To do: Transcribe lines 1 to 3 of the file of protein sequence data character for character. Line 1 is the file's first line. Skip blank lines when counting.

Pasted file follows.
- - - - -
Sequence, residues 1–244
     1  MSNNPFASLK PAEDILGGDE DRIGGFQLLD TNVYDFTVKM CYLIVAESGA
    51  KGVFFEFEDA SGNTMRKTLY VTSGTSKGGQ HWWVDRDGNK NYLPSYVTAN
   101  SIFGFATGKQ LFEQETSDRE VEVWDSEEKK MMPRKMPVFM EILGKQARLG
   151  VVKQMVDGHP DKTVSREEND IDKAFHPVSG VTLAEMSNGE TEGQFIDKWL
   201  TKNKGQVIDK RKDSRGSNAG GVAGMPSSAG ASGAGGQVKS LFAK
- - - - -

Sequence, residues 1–244
     1  MSNNPFASLK PAEDILGGDE DRIGGFQLLD TNVYDFTVKM CYLIVAESGA
    51  KGVFFEFEDA SGNTMRKTLY VTSGTSKGGQ HWWVDRDGNK NYLPSYVTAN